By Jack M. ’23
Disclaimer: The analysis contained in this article is not intended to be a reflection of the author’s point of view but rather an explication of the political viewpoints of those opposed to Senator Bernard Sanders’s candidacy for president.
While Bernie Sanders has garnered immense support and enthusiasm in his bid for the Democratic presidential nomination, he has a number of significant policy and personal flaws which overwhelm the positives and fuel the argument of unelectability against him. To begin, Mr. Sanders has been a champion for progressive causes, most notably Medicare for All. Medicare for All consists of universal healthcare coverage for every American, but results in the eradication of private insurance, which 67% of Americans currently rely upon, including the 156 million Americans who receive health insurance from their employers. The governmental control of healthcare will result in long lines and can invite excessive use, clogging the system, while giving patients no choice over their healthcare provider or pathway, as has been seen in countries with socialized medicine including Canada, Denmark, and Spain. It is worth noting that, according to ProPublica, doctors in the US are paid 3x the salaries of doctors working in Canada and Denmark and 5x the salaries of those working in Spain, rendering the applicability of the successes of other socialized medicine systems moot due to the extreme discrepancy of the economics of this much-needed profession. Mr. Sanders’s Medicare for All plan would more than triple government expenses, and would cost $30 to $50 trillion over the next 10 years. According to the Wall Street Journal, Mr. Sanders has said that he plans to pay for it by, among other things, raising taxes on the middle and upper classes, a proposal which has been unpopular among past candidates for President and which would result in the biggest tax expansion since WWII. According to a Marist Poll reported by FiveThirtyEight, universal health care is supported by 64% of Democratic voters, however, it is only supported by 40% of Americans, which certainly cannot help Mr. Sanders win a general election. While Mr. Sanders’s health care plan would certainly not pass a Republican majority Senate, its financing and implementation are out of touch with reality.
Alongside a candidate with significant policy shortcomings is a candidate with more historical baggage than any other Democratic candidate in this race. As Mayor of Burlington at the height of the cold war, Mr. Sanders attempted to form a sister city relationship with Yaroslavl, USSR, suggesting a proclivity towards and admiration for Communist governments. His outreach was, according to the Soviet Foreign Ministry, “one of the most useful channels for actively carrying out information-propaganda efforts” in the US during the Cold War. To this day, he has continued to praise dictatorships in Nicaragua, Venezuela, China, Russia, and Cuba, whose leaders brutally murdered hundreds of thousands of innocent civilians, actions which are ethically incomprehensible and inappropriate for a US Presidential candidate to support. Mr. Sanders’s attraction to these Socialist and Communist dictatorships brings to mind the attitude of the Republican incumbent, given that both have expressed an odd and un-American appreciation for governments that rule with an iron fist and that lack the essential freedoms that are so inherent in American culture and consciousness. As further liabilities, Mr. Sanders has been videotaped at a rally in Nicaragua alongside those shouting that “Here, there, and everywhere, the Yankee will die,” and stated that while China is “an authoritarian country” it has “taken more people out of extreme poverty than any country in history,” which ironically was the result of China’s embrace of a capitalistic open market during the 1990’s, a policy opposed by Mr. Sanders as a democratic socialist.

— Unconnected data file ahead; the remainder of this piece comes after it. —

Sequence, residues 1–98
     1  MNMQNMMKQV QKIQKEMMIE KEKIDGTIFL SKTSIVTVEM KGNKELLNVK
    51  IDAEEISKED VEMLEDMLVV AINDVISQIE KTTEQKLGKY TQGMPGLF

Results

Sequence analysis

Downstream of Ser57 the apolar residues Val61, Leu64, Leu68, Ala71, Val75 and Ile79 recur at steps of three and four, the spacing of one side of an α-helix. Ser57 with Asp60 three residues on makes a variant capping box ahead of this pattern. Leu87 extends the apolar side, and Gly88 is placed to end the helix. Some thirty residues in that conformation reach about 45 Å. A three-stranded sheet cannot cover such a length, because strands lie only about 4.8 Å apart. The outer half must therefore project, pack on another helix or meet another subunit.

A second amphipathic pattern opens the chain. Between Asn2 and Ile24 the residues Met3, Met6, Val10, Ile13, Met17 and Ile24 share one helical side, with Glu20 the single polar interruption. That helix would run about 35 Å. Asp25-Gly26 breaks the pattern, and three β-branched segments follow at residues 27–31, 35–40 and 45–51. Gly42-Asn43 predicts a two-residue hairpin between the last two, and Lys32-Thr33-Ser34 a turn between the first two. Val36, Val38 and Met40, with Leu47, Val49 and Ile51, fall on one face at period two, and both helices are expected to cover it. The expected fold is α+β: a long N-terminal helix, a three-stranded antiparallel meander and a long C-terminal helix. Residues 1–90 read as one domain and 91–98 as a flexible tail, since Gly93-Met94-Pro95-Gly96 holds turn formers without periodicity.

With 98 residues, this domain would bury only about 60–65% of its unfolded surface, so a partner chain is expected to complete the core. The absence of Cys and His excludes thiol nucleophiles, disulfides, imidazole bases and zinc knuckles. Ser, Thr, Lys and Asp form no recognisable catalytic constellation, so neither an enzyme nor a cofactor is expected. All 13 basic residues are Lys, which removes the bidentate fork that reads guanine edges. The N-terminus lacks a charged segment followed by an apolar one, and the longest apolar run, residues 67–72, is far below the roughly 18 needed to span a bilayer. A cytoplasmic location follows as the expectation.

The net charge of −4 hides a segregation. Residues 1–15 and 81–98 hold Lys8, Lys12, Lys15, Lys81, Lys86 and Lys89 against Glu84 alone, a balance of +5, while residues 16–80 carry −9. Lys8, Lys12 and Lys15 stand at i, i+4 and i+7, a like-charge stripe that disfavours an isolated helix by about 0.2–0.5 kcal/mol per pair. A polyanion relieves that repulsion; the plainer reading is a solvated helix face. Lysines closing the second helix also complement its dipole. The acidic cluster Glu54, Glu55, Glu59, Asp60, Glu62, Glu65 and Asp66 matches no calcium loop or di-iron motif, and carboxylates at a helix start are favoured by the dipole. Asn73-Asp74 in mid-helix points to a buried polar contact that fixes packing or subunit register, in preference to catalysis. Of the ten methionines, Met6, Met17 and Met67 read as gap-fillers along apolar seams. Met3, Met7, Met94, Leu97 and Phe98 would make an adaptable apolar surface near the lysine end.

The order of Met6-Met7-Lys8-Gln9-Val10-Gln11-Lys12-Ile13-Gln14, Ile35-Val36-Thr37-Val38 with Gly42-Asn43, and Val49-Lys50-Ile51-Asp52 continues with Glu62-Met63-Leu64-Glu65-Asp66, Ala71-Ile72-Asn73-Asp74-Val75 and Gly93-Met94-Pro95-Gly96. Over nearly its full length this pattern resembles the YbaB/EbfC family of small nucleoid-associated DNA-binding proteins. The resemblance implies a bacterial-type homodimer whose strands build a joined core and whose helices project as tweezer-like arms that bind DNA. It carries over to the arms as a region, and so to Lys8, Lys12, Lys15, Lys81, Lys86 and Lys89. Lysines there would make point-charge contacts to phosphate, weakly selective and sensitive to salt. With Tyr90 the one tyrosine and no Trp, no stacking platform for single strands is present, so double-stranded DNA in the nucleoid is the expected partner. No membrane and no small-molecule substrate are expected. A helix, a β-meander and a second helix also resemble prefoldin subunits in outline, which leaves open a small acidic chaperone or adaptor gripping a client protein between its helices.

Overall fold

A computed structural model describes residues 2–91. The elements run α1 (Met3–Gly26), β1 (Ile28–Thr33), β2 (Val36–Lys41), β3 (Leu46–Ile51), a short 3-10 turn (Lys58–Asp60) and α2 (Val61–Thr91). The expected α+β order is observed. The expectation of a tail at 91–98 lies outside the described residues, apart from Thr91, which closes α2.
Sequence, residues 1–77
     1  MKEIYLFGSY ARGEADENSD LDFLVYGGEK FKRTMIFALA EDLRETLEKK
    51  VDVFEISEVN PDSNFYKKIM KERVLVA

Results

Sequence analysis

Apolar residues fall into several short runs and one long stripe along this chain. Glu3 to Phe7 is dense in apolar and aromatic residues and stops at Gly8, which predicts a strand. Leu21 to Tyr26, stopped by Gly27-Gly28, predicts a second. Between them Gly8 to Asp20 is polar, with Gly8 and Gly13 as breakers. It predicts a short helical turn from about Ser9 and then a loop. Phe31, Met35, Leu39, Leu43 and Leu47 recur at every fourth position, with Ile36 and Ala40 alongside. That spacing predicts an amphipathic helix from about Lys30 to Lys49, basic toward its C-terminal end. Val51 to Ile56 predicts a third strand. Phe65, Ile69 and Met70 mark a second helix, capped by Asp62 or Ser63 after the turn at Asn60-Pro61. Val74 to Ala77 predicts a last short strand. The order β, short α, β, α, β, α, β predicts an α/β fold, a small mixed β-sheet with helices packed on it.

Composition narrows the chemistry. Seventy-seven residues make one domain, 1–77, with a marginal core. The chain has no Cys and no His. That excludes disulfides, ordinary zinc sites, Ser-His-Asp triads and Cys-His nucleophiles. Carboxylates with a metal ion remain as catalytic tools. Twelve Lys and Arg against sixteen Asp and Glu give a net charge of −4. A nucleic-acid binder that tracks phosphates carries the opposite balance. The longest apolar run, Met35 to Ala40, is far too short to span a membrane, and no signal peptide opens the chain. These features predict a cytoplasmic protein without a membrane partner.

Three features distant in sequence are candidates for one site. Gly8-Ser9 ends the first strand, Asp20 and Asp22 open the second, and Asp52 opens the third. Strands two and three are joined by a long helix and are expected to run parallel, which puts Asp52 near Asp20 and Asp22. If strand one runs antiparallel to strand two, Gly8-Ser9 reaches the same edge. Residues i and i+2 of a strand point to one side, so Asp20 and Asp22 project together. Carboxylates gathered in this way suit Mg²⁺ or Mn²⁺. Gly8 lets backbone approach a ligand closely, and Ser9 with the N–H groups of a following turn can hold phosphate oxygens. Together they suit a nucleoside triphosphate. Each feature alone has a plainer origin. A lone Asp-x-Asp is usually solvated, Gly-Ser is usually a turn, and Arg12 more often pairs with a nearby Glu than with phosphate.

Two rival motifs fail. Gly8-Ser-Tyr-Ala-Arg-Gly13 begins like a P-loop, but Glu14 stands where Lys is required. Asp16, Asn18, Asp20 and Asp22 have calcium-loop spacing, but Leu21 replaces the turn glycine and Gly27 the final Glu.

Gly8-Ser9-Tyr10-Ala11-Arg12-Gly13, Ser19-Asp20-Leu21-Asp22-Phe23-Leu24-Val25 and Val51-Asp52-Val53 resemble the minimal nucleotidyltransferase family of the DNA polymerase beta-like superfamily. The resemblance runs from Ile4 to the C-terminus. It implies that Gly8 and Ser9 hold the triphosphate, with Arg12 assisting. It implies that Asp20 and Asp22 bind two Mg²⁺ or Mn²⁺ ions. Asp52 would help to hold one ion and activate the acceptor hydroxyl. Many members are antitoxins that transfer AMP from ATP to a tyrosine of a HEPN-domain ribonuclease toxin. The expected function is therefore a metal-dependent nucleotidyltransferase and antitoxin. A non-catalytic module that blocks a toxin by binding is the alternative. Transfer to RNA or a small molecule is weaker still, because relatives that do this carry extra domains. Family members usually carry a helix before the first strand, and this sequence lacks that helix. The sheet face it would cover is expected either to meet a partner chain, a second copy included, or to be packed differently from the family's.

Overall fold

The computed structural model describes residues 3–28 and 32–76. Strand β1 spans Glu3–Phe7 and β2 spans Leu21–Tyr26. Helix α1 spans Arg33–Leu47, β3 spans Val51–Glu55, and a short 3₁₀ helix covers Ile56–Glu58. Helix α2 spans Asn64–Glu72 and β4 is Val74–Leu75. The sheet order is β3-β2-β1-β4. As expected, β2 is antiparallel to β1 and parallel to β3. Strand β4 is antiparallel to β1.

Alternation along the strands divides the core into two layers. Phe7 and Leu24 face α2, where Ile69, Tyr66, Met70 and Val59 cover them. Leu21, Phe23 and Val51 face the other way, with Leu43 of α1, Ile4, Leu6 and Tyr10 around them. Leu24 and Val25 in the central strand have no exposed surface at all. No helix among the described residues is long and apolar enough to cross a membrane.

Mr. Sanders’s background further fuels the electability argument against him. Only 45% of Americans would consider voting for a socialist, while 69% would vote for someone over 75, though the fact that a 78 year old who sustained a heart attack while campaigning is still a frontrunner is astounding, emphasizing the desperation of Democratic voters to defenestrate the incumbent. According to political research conducted at UC Berkeley and Yale, as reported by the New York Times, “When parties nominate candidates further from the center, it actually inspires the other party to turn out to vote at a significantly higher rate.” This reactivity which would result from Mr. Sanders’s nomination as the Democratic nominee would therefore jeopardize the Democratic Party’s chances of winning the election. Some Democrats have questioned Mr. Sanders’s ability to authentically represent the Democratic Party, as he identifies as a democratic socialist and only registered as a Democrat 5 years ago, when he was 73. Mr. Sanders has also failed to significantly expand his base since 2016, losing high percentages of African American voters and those over the age of 40, both of whom are key to a Democratic victory in November. These ideological fallibilities and background blemishes explain why Bernie Sanders is a poor candidate for the Democratic Party to rely on to defeat Donald Trump this November.